Delayed-type hypersensitivity (DTH) responses were significantly suppressed in IL-1b-deficient and IL-1a/b-deficient mice. Lymph node cells derived from antigen-sensitized IL-1b-deficient and IL-1a/b-deficient mice and IL-1R type I-deficient mice, exhibited reduced proliferative responses against antigen. (Nambu et al., 2006).

Empirical Evidence

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RelB deficient mice had an impaired cellular immunity, as observed in contact sensitivity reaction (Weih et al., 1995).

Quite a few NF-kB inhibitors have been reported. MG132, bortezomib, curcumin, DHMEQ(Dehydroxymethylepoxyquinomicin), naringin, sorafenib, genistein and parthenolide are some of representatives (Pordanjani and Hosseinimehr, 2016).

Interferon-γ (IFN-γ) production in response to CMV-infected fibroblasts was reduced under the influence of MG132 in a dose-dependent manner. A marked reduction was observed at 0.5 μM. Likewise, CMV-specific cytotoxicity of CD8(+) T cells was decreased in the presence of MG132 (Wang et al., 2011).

In vivo MG132 administration to NC/Nga mice with DNFB-induced dermatitis reduced Th17 cells but maintained the level of Th1 cells, resulting in the alleviation of dermatitis lesions by decreasing both serum IgE hyperproduction and mast cell migration (Ohkusu-Tsukada et al., 2018).

Proteasome inhibitor, bortezomib, potently inhibits the growth of adult T-cell leukemia cells both in vivo and in vitro (Satou et al., 2004). Bortezomib inhibits T-cell function versus infective antigenic stimuli in a dose-dependent manner in vitro (Orciuolo et al., 2007).

DHMEQ, a novel nuclear factor-kappaB inhibitor, induces selective depletion of alloreactive or phytohaemagglutinin-stimulated peripheral blood mononuclear cells, decreases production of T helper type 1 cytokines, and blocks maturation of dendritic cells (Nishioka et al., 2008).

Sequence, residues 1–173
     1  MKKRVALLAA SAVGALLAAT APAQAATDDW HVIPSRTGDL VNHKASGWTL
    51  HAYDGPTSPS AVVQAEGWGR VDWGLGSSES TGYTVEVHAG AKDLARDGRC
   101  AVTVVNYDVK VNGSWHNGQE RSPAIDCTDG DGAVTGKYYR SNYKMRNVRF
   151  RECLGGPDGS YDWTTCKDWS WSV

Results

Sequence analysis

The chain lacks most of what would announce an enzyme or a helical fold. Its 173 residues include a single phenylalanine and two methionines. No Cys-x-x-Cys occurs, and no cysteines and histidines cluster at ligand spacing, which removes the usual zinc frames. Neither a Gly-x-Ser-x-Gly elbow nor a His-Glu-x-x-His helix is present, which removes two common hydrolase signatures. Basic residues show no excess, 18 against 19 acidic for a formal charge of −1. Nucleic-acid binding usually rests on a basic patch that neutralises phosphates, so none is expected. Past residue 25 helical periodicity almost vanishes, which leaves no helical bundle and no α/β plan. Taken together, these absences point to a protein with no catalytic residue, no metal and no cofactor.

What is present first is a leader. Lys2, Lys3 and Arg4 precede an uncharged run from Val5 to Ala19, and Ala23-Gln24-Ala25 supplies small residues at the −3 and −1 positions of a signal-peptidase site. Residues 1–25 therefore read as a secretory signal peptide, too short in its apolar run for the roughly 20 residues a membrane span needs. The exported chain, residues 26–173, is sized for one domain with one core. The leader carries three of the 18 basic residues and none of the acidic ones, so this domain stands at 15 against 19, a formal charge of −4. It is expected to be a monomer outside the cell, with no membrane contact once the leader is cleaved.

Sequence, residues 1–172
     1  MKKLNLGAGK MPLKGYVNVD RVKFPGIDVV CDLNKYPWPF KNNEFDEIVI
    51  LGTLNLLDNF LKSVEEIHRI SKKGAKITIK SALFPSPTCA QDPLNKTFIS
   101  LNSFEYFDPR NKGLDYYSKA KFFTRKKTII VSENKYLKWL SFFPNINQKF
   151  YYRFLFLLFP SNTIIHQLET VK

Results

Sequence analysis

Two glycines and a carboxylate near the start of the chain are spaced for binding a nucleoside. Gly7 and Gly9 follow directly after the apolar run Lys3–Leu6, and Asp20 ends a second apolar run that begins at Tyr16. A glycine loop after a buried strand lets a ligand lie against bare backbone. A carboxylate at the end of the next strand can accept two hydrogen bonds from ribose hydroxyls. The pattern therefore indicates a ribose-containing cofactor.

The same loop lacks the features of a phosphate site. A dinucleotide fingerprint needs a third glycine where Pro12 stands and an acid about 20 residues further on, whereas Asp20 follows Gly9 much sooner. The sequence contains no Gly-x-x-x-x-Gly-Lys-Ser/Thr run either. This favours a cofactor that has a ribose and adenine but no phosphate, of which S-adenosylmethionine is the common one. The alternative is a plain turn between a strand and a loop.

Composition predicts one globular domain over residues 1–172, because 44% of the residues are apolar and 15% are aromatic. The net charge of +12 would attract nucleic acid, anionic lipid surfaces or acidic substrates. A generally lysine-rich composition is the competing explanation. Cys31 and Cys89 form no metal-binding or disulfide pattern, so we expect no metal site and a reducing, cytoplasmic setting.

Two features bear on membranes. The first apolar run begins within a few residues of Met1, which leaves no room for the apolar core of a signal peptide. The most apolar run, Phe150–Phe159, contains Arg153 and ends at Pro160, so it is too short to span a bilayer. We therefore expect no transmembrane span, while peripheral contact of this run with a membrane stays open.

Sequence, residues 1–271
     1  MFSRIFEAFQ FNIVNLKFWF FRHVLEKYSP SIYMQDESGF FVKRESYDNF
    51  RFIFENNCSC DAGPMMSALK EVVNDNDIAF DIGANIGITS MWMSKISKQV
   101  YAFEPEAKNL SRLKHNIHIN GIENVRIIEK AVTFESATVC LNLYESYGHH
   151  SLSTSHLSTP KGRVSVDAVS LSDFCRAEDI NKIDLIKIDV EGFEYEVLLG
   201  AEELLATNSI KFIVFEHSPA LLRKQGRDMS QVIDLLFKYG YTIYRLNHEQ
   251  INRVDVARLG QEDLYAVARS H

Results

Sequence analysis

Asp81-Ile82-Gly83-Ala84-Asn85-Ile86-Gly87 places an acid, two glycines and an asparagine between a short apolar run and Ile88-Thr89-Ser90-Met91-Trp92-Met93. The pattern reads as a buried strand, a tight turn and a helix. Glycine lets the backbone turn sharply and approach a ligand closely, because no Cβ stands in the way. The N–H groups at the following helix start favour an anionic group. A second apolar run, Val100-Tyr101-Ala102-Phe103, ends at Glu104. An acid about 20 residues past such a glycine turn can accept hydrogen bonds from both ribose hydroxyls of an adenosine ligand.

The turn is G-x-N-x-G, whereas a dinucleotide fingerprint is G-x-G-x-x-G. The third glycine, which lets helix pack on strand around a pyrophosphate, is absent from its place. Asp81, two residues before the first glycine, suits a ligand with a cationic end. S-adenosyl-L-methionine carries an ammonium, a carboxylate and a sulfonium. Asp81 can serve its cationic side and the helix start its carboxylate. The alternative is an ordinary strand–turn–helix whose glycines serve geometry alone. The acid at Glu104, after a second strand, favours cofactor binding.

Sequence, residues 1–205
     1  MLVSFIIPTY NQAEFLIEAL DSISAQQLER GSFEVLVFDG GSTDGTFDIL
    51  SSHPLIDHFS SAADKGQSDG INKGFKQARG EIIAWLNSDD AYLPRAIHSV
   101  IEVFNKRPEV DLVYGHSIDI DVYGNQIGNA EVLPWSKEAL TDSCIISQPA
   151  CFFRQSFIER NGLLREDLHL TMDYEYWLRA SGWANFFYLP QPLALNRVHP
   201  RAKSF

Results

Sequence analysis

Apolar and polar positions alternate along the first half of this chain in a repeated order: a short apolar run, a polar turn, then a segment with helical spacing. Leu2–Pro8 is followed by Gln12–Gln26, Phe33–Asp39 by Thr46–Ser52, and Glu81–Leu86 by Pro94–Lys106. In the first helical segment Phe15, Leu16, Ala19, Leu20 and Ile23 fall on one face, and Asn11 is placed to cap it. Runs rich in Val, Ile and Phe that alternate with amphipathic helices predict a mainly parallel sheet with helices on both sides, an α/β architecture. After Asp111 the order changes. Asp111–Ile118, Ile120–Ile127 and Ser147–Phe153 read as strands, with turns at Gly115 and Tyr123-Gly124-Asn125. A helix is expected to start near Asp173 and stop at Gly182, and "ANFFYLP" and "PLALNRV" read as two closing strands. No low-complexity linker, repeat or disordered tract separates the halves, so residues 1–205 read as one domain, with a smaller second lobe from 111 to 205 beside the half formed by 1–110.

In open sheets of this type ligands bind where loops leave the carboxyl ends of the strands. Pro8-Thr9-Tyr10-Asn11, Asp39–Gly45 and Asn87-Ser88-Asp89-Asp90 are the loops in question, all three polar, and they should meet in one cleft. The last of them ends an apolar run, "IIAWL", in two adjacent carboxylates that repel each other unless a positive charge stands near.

Regarding the suppression of NF-kB by impaired IL-1 signaling, it was reported that delayed-type hypersensitivity (DTH) responses were significantly suppressed in IL-1b-deficient and IL-1a/b-deficient mice. Lymph node cells derived from antigen-sensitized IL-1b-deficient and IL-1a/b-deficient mice and IL-1R type I-deficient mice, exhibited reduced proliferative responses against antigen. These data suggest that IL-1b is necessary for the efficient priming of T cells. In addition, CD4+ T cell-derived IL-1 plays an important role in the activation of DCs during the elicitation phase, resulting in the production of TNF, that activate allergen-specific T cells (Nambu et al., 2006). 

 

Uncertainties and Inconsistencies

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Quantitative Understanding of the Linkage

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A representative NF-kB inhibitor, MG132 that suppresses NF-kB activity at more than 10 mM (Fiedler et al. 1998) suppresses IL-2-induced activation of STAT5 at 50 mM. (Yu and Malek 2001)